- Bring snacks. V cannot sit in her stroller for more than 10 minutes. I have known this since she was 15 months old. She exhausted the little yogurt cup and banana provided by the walk staff within fifteen minutes. That left 30 minutes of walking. Can I just say I love Annie’s Fruit Snacks?
- Arrive early (but not too early). Again, this helps build in potty time, time to run around and get grass stains on toddler-leggings before being strapped into the stroller. It helps give you time to grab a bottle of water, get them a snack if that’s offered, maybe meet up with some folks.
- Pre-register. Oops. I forgot this little tidbit pre-walk and my poor husband spent thirty extra minutes in line registering me and the little munchkin.
- Register early if you can online. The lines at the walk had a bit of a wait.
- Recruit others. It takes a village to raise a kid, right? Why should you be the only one responsible for their civic-mindedness? Just kidding. It simply is more fun to walk in groups. Maybe you can make up a team cheer. No better way for a toddler to burn energy than to learn a quick team cheer.
- Wear comfortable shoes. I know there are those of you who look beautiful and sweat-less at the gym with perfect make up and hair. I am not that girl.
The most important thing about charity walk with a toddler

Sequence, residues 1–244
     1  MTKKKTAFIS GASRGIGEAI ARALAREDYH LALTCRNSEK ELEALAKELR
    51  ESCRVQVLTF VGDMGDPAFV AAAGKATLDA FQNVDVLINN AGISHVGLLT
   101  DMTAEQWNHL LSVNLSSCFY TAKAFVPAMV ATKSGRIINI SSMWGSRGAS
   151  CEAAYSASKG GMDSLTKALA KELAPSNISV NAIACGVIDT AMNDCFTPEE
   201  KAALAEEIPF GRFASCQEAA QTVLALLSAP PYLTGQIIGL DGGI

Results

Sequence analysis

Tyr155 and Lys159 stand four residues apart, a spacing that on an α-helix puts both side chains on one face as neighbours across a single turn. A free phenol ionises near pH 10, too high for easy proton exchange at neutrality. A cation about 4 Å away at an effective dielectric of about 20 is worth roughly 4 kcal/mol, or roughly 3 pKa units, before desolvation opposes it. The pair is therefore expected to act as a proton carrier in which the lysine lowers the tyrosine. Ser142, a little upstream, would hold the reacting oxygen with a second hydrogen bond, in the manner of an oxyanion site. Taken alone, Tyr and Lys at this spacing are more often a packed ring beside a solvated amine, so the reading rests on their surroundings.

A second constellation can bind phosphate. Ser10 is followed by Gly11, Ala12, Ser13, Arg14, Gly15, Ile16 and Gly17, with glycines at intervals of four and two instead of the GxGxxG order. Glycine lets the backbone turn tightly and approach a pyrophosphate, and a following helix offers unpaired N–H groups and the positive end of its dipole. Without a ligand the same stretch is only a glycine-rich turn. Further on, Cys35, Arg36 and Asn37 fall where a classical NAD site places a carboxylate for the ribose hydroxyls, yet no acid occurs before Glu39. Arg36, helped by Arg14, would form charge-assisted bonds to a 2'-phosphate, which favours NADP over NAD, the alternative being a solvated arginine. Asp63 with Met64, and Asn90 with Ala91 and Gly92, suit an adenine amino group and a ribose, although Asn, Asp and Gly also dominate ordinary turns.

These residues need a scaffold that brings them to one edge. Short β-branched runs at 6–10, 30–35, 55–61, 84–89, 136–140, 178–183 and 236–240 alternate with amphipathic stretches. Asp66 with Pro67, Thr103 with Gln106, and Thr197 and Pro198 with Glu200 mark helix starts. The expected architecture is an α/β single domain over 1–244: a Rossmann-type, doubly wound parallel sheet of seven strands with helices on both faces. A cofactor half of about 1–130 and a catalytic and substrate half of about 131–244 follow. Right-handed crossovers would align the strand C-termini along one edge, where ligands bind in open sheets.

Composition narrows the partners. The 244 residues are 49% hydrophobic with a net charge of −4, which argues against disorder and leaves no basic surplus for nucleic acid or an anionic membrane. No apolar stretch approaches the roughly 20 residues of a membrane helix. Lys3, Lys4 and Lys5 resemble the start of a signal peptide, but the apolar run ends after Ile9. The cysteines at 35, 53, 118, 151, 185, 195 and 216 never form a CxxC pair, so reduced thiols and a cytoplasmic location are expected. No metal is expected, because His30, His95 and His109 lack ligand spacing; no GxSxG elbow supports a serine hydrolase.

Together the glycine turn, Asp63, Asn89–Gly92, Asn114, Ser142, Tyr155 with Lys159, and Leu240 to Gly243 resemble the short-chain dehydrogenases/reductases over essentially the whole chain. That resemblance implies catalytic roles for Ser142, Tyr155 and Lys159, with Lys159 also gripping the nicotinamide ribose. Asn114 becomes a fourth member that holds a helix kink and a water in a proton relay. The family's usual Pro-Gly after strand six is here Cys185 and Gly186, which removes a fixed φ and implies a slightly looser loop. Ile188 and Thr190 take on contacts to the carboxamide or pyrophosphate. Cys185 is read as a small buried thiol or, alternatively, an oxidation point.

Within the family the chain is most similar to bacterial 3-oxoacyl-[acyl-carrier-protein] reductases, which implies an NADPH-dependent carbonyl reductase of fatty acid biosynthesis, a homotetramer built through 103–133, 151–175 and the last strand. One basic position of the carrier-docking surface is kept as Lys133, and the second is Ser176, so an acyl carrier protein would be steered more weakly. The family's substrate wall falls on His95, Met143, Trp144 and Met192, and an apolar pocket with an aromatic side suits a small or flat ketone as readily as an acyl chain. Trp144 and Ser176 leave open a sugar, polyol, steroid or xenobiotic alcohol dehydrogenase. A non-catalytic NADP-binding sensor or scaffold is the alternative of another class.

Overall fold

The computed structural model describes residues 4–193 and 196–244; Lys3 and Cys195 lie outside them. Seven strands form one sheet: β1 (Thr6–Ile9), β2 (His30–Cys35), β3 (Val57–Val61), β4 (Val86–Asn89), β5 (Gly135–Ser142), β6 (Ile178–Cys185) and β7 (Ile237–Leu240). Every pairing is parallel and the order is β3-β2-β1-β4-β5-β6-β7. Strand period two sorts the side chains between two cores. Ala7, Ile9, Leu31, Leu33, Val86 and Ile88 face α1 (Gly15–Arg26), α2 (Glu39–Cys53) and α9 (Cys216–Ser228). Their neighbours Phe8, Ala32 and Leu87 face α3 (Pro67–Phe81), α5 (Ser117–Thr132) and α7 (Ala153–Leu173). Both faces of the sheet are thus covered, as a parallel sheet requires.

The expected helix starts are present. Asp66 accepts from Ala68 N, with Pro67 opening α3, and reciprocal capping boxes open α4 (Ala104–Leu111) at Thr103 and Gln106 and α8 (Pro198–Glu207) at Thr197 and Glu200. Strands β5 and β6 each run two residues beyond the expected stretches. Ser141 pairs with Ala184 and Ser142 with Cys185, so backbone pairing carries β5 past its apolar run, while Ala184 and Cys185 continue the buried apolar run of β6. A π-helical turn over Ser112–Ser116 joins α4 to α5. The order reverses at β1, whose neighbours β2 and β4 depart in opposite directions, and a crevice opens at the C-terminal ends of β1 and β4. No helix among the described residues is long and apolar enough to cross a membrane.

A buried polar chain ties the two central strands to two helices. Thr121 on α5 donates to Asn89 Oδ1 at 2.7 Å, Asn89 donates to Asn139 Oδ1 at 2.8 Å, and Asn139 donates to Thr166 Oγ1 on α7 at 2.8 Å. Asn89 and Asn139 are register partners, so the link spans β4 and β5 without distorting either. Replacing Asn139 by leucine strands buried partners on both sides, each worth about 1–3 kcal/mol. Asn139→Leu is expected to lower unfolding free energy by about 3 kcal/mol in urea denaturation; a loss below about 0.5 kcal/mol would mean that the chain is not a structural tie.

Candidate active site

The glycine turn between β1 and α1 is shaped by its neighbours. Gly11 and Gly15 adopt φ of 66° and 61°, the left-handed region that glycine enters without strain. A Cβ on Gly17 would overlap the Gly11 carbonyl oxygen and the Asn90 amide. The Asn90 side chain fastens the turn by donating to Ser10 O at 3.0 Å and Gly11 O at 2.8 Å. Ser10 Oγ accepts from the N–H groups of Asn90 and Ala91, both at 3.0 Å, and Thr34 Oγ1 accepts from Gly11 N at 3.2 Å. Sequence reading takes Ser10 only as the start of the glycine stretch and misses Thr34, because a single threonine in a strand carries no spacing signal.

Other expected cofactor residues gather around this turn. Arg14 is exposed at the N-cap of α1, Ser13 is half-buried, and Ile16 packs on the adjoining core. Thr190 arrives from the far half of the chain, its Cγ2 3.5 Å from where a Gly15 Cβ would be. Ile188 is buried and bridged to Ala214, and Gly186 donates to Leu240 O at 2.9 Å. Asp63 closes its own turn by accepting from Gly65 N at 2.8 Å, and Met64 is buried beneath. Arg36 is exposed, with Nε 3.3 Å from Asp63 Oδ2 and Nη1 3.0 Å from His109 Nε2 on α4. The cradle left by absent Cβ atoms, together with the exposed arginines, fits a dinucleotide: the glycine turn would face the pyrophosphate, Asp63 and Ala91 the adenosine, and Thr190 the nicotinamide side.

Don’t forget why you are doing this. This is not about the hour you spend walking or the martyrdom effect or the money so and so raised. This is about people who suffer: suffer from breast cancer, Alzheimer’s, ALS, etc. We all want our kids to live in a better world. If you know someone affected by an illness, teach your kids about it. The more we shelter them, the less they will know, and ignorance breeds fear. I’m off my soapbox now.
Sharing Kindness with Your Kids
I struggle with this every day, as I am sure do you. How do we teach our kids to see and respect the world? This is my very biased opinion, but I think we teach them by showing them new things and exposing them to people who live different lives than they do. A charity walk can be a simple, family-friendly half-day where just for a few brief moments, you bring your kid into a community where everyone is trying their best. They are trying their best to help people who may not otherwise have a say. Sure, their popularity may overshadow their importance (here’s looking at you, Ice Bucket Challenge), but at their heart I feel they are just people trying to share kindness with others.
Other Blogs with Excellent Ideas about Service with a Toddler
Simple Play Ideas: service ideas with toddlers
Kara Carrero: 25 acts of service with toddlers
I hope you all have a wonderful day. Leave a comment below with a way that you teach your kids kindness, a story about how you have done a charity walk, or anything. I can’t wait to hear from you!